Reviewing the Mediation Process – Part I

how to choose a mediator

If you have decided to try divorce mediation, you may still have questions about how the mediation process works. Experienced divorce mediators generally stick to the same basic framework, but within that framework, there are individual differences. Those who have been following our recent posts know that some mediators follow a more structured mediation process than others. If you have not already chosen a mediator that both you and your spouse feel comfortable with, take a few minutes to go back and review some of our tips about choosing consulting mediators and consulting attorneys. If you are ready to review the basics of the divorce mediation process, read on.

Setting Ground Rules

Setting ground rules is the first step in most mediations. Ground rules tend to be fairly standard, regardless of a mediator’s style. These rules may be included in a written agreement that the mediator asks both parties to sign before starting negotiations. The agreement will also include other important information, such as fees, scheduling, and length of sessions. Even if you have already agreed to rules in writing, however, most mediators will spend some time going over them in person. When everyone follows the rules, the mediation has the greatest possibility of success.

Here is a list of common ground rules:

All participants must maintain a respectful tone

It is not uncommon for tensions to run high during divorce mediation. After all, each party’s financial future, as well as possibly the fate of their children, is on the line. Striving for a civil tone, however, is critical. Any kind of emotional attack or verbal abuse will quickly degrade the quality of the mediation.

Only one person can speak at a time

One of the most basic requirements of a successful mediation is that people listen to each other instead of talking over each other. The requirement that only one person speaks at a time also applies to the mediator, as well as to any attorneys or experts that may appear at a mediation session. For some people, this can take a little getting used to. Taking careful notes while someone else is speaking is a good way to organize your thoughts while waiting for your turn.

Parties must not interrupt one another. 

This sounds like the same rule as above, but it is a bit different because it applies specifically to the parties. The mediator retains the right to interrupt the parties because the mediator’s job is to keep the mediation process on track and make sure that each party gets equal time.

All parties must maintain confidentiality. 

The mediator will explain the legal requirements regarding confidentiality of information exchanged during mediation. Make sure to ask questions if there is anything you feel unclear about.

Breaks will be freely available.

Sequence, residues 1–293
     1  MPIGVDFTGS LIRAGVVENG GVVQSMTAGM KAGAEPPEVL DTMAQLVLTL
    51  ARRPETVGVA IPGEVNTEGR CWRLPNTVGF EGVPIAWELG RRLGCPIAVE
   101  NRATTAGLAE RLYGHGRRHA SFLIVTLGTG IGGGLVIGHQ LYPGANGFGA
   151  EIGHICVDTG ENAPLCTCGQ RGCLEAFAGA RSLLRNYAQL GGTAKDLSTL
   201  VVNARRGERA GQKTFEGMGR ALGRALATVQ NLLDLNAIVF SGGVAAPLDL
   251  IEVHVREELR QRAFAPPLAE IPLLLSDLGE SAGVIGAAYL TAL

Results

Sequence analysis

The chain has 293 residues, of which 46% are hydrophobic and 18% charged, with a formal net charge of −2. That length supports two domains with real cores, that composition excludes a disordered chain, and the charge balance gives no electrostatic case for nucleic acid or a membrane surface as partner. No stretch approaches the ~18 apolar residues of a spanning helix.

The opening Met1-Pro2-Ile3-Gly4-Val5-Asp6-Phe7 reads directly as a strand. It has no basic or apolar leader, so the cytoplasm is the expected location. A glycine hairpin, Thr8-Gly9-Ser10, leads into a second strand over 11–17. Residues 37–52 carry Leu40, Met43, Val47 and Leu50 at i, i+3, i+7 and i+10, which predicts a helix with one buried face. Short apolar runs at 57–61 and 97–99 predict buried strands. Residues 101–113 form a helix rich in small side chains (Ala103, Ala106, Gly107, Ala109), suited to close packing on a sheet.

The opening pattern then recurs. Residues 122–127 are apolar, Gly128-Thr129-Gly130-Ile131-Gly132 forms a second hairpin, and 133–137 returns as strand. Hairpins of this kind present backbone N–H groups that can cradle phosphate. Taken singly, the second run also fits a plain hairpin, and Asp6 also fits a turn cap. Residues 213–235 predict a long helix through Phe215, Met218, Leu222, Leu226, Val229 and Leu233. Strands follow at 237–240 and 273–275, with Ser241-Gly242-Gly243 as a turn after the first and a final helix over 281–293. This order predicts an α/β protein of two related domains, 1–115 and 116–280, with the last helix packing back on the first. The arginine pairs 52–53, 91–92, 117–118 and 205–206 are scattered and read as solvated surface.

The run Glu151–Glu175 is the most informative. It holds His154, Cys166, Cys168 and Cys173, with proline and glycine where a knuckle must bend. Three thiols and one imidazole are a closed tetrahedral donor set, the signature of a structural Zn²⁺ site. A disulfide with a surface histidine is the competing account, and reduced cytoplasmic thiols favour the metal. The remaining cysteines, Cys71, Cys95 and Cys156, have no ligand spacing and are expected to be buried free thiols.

Divorce mediators understand that due to the nature of the proceedings, participants may need more than just the usual food and bathroom breaks. Occasional emotional cool-down breaks may be necessary as well.

The mediator will be available for separate caucuses with each party.

Caucus” is the term used for an individual meeting between the mediator and one of the parties. Mediators differ regarding how frequently they tend to use caucuses. Often their use will occur organically as a mediation progresses, but a participant should always feel free to ask for a caucus. If you share private information in a caucus, the mediator will treat it confidentially if possible. Mediators also take great care to ensure that whenever one party requests a separate caucus, the other party is offered equal time.

The parties will not file any papers in court without first informing both the other party and the mediator.

In some cases, it may make sense to take one or more issues out of mediation and request an opinion from a judge while continuing to negotiate the remaining issues. This should be a mutual decision, however, and one both parties make only after they have exerted their best efforts to resolve the issue in mediation.

For more on ground rules, see: Setting Ground rules in Divorce Mediation. Once they have addressed the ground rules, most mediators move on to opening statements.

Making Opening Statements

Divorce mediators differ in the emphasis they place on opening statements. Some do not ask for them at all. Others try to use them to set a collaborative and upbeat tone. For example, a mediator may ask you to say something positive about your marriage.

If you do have a chance to make an opening statement, use it to tell a compelling story of the divorce from your own perspective, and in a light that favors your settlement goals. You can cover a lot of ground in the 10 minutes or so you may have. Remember that the most important person to address is not the mediator but your soon-to-be former spouse. Up until this point, your spouse has no doubt been primarily focused on their own pain and loss. This is a chance for you to acknowledge your spouse’s perspective while also bringing the focus squarely onto your own losses and your own needs going forward. What did you sacrifice for your marriage? What does this mean for your future?

Use your opening statement to start the process off on the right foot. Present your points assertively, but not aggressively. While your main goal is to make a strong case for yourself, don’t be afraid to acknowledge your spouse’s contributions.  Mediation is not the forum for those who believe that one person must win, and the other person must lose. Let your spouse know that you are invested in finding solutions that will benefit both of you.  Even if your history has been contentious, this is the time to start a more conciliatory approach.

Do you have questions about ground rules or opening statements in mediation? Contact a family law mediator at Weinberger Mediation Center for a free consultation.